Lead Author(s): Peter Bacchetti, PhD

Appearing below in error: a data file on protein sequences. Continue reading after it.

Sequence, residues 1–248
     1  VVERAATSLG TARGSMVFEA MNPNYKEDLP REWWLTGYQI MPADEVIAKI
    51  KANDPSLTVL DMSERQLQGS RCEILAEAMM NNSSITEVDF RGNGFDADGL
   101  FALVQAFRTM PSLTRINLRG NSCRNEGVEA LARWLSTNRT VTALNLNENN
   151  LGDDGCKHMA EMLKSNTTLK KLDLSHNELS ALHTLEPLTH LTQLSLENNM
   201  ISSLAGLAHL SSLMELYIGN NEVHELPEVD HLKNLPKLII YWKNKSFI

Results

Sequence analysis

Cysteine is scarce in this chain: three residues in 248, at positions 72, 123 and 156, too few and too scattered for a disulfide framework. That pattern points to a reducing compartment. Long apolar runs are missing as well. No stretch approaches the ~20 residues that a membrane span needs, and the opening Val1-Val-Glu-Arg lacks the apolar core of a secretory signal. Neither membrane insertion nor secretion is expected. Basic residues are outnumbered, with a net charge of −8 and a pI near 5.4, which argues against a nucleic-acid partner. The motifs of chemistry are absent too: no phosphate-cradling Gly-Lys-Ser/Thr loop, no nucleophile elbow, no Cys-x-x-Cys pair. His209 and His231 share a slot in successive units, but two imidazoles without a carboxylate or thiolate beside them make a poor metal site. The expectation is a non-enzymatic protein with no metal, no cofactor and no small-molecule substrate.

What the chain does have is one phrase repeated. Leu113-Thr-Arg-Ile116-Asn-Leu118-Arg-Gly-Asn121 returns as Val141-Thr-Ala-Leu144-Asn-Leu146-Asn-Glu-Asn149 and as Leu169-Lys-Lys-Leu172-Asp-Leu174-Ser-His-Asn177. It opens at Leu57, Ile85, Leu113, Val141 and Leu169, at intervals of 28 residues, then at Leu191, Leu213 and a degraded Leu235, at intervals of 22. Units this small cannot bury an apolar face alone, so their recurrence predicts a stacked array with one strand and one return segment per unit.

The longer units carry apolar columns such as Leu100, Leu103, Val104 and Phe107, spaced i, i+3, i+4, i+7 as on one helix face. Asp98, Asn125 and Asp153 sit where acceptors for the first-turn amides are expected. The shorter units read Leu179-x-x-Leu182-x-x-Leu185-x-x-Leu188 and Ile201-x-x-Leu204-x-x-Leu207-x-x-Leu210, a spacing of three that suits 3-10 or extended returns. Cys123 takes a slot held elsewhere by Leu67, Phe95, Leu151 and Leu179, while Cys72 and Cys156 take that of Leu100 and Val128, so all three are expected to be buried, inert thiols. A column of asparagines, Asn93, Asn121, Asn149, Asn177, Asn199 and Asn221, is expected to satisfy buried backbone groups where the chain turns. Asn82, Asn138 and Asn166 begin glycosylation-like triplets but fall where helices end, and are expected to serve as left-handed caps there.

These are usually interpreted as showing the strength of evidence against the possibility that there is truly no association, difference, or effect (often called the Null Hypothesis), with smaller values indicating stronger evidence. By convention, p<0.05 is considered "statistically significant" and a noteworthy finding. Keep in mind, however, that misinterpretation of p-values is rampant in health-related research, and an exclusive focus on p-values will usually lead to confusion or even mistakes when interpreting complex studies. In particular, p-values are irrelevant and should not be used for establishing negative results; see Common Biostatistical Problems, #1. We recommend always examining estimates and the confidence intervals around them, and taking these into account when interpreting results.